How your friends reduce your risk of dementia.
A guest post from Dr. Sarah McKay, Founder of the Neuroscience Academy
The days are long, but the years are short.
This mantra has got me through many afternoons at home with my small children. Now my eldest is at school it seems even more poignant. Because the years were short. They flew by. It just didn’t seem like it those afternoons when I was desperate for adult company – often the feelings of isolation would leave me in a weeping heap (I’m sure many parents at home with small children can relate, or remember).
Two particular things saved me from true loneliness when my boys were tiny — my mother’s group and the boy’s playgroup. Going along to those groups every single week gave me something to look forward to, but more importantly, it gave me feelings of community and connectedness. Some of the women I met have become very dear friends and the shared experience of motherhood turned out to be one of the greatest blessings that come along with having kids.
My life experiences have taught me that friendships are a very good thing for my wellbeing. And it turns out science has some pretty compelling evidence for the power of friendship too.
Having friends and social connections helps you live longer
This finding comes from a meta-analysis of 148 studies including 300,000 people who were tracked for 7 1/2 years after completing surveys of their social connectedness.
People with stronger social relationships had an increased likelihood of survival than those with weaker social relationships.
The impact of socialising on survival is comparable with quitting smoking
The negative impacts of a poor social life were shown to be…
- Equivalent to smoking 15 cigarettes a day
- Equivalent to being an alcoholic
- More harmful than not exercising
- Twice as harmful as obesity
5 other benefits socialising can have on your health (apart from keeping you alive)
- Lower rates of heart disease
- Less infectious illness because of a stronger immune system
- Lower blood pressure
- Less abnormal inflammatory responses to stress
- Lower rates of dementia
Measures of ‘social connection’ include whether someone is married or not, lives with other people, has less than monthly contact (including face-to-face, telephone, or written/e-mail contact) with children, or other family members, or friends, and if they participate in social clubs or residents’ groups, religious groups, or committees.
The study goes on to say:
Humans are naturally social. Yet, the modern way of life in industrialised countries is greatly reducing the quantity and quality of social relationships. Many people in these countries no longer live in extended families or even near each other. Instead, they often live on the other side of the country or even across the world from their relatives. Many also delay getting married and having children. Likewise, more and more people of all ages in developed countries are living alone, and loneliness is becoming increasingly common.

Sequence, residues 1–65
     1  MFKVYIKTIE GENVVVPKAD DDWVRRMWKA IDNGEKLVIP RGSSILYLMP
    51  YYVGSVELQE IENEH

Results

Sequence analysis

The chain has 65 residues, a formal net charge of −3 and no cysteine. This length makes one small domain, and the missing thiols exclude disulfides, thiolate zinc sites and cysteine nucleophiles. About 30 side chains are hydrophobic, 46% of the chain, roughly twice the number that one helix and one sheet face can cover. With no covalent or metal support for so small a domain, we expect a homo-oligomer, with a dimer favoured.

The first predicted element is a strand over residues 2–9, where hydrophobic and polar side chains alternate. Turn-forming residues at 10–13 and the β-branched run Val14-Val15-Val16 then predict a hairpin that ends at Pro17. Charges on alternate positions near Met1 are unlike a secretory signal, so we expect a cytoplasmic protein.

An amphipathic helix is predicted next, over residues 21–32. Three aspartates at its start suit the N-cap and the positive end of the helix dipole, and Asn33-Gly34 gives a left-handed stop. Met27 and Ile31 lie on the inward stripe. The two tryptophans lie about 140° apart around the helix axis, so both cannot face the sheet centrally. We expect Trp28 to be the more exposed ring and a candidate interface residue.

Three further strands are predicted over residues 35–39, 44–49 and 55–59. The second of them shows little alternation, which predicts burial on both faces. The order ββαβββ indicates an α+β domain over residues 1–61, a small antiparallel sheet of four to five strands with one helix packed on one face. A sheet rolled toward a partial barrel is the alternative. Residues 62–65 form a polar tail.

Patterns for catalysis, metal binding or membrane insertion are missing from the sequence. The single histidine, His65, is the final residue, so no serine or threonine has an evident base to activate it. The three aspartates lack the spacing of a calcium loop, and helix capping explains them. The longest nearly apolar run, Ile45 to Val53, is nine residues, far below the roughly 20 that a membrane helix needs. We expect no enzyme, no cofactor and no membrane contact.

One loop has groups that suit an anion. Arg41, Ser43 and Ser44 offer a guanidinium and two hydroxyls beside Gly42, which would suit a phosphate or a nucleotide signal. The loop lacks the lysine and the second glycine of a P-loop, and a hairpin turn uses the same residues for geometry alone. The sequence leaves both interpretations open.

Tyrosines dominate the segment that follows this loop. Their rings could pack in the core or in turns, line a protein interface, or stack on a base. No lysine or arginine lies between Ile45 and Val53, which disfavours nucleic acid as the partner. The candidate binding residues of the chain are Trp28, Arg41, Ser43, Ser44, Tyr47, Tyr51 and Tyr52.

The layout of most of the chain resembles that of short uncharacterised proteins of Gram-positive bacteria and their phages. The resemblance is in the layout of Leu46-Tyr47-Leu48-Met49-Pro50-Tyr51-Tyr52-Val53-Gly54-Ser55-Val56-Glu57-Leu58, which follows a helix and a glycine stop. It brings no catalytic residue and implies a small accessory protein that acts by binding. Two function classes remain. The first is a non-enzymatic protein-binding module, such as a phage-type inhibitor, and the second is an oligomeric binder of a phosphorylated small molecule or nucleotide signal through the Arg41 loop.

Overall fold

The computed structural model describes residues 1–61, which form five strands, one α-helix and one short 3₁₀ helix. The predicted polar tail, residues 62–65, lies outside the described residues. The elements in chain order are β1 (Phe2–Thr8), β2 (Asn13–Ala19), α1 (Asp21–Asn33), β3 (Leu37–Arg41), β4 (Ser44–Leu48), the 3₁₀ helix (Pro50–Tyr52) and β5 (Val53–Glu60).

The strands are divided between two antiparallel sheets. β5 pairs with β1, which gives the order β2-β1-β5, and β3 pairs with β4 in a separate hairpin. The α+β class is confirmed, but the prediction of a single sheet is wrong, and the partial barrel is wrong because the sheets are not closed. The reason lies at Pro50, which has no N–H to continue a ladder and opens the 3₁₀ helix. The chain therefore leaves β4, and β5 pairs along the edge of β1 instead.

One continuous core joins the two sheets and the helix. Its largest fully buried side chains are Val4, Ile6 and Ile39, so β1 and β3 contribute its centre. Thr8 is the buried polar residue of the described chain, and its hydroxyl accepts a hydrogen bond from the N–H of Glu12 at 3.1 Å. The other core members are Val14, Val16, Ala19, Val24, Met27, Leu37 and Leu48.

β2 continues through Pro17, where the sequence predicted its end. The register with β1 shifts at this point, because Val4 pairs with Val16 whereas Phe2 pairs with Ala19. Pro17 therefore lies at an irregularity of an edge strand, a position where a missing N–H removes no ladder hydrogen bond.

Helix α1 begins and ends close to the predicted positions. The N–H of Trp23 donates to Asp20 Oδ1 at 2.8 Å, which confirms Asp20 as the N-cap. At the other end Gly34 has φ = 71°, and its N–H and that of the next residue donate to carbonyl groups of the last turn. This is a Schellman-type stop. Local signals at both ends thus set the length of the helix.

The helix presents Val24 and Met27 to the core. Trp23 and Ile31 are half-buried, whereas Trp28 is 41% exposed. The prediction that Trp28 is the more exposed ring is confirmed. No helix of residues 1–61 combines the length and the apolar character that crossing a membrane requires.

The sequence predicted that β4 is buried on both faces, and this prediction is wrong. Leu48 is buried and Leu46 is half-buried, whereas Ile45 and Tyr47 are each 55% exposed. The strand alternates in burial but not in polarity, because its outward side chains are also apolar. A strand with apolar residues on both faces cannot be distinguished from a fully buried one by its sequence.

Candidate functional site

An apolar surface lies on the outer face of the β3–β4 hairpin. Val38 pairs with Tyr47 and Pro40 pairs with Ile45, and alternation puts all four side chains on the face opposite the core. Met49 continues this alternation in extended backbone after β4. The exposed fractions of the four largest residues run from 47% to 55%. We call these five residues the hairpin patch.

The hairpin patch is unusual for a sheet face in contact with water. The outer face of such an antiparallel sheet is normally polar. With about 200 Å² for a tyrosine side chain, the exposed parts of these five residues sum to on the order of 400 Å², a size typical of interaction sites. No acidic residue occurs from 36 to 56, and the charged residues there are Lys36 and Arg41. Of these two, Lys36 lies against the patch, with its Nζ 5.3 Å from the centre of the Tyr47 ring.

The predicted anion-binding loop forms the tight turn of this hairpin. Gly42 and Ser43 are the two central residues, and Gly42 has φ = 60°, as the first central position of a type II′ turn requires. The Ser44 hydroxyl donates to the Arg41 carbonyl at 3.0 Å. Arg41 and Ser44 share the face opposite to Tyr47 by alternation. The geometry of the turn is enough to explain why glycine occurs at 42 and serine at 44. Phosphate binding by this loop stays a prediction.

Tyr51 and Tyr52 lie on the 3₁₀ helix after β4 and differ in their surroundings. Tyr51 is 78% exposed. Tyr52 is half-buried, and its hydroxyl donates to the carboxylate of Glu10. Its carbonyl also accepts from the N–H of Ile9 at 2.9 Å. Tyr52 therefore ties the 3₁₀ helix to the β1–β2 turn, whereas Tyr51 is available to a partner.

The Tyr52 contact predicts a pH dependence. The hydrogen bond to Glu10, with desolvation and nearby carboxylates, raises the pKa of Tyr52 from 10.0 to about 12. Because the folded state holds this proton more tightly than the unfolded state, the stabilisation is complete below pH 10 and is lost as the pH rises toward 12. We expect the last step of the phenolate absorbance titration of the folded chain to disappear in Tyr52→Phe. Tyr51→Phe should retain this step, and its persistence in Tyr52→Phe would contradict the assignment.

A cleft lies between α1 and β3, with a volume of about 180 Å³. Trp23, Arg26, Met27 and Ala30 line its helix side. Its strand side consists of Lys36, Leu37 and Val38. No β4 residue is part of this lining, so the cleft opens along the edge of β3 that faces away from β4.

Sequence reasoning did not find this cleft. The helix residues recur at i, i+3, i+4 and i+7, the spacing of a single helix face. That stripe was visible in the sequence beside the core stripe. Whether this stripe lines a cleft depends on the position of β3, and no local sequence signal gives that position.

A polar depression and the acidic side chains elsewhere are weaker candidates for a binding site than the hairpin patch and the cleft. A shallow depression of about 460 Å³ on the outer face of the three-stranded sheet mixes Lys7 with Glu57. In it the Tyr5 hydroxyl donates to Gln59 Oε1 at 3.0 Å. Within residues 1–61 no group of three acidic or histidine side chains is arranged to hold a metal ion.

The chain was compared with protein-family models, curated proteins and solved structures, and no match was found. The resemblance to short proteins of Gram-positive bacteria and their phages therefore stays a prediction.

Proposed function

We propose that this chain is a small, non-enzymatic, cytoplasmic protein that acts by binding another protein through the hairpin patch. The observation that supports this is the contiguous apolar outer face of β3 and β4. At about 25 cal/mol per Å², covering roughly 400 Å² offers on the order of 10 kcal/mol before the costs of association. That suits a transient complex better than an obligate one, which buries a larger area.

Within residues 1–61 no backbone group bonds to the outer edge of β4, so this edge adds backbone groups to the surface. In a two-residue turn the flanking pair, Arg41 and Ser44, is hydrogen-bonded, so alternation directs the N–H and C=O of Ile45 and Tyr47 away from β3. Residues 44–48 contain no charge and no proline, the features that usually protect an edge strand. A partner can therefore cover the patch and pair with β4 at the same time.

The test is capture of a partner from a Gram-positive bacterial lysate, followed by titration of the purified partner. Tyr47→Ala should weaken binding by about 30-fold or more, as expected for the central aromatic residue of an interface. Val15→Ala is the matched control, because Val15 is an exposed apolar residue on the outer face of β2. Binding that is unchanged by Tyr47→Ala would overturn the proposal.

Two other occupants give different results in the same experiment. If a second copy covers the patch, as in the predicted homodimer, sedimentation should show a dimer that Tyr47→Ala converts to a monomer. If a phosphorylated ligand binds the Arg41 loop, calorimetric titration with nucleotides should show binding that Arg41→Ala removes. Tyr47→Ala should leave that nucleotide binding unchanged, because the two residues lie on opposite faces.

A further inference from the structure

I don’t know about you but this finding makes me feel a bit sad.
Being socially connected maintains brain health
Neuroscience has shown that:
- People who participate in high numbers of different leisure activities have a lower risk of developing dementia (activities include going to clubs, visiting friends or being visited, playing cards and community or volunteer work).
- People with large social networks have a lower risk of dementia.
- Loneliness is associated with more than double the risk of developing dementia.
So how do friends impact your brain health?
There are a number of theories…
- Being socially connected to other people may reduce the harmful effects of stress (and I’ve written about the negative effects of stress on the brain in another blog post).
- Friends may encourage healthy behaviours such as eating properly, taking medications, and practicing hygiene (no one wants a stinky mate!).
- Interacting with other people may contribute to ‘cognitive reserve’. Cognitive reserve is a bit of a vague term, but it means how resistant the mind is to damage or deterioration of the brain. Socialising involves many cognitive functions such as thinking, feeling, sensing, reasoning and intuition. Mentally stimulating activities build up a reserve of healthy brain cells and promote the formation of new synapses (connections between brain cells) which may protect against dementia.
Your prescription for brain wellbeing = socialising!
I know it can takes courage to get out there, put on a smile and brave rejection when you are feeling alone and isolated. But keep in mind the benefits to your mental and physical wellbeing are as good for you as giving up smoking!!
photo credit: It’s Love! via photopin (license)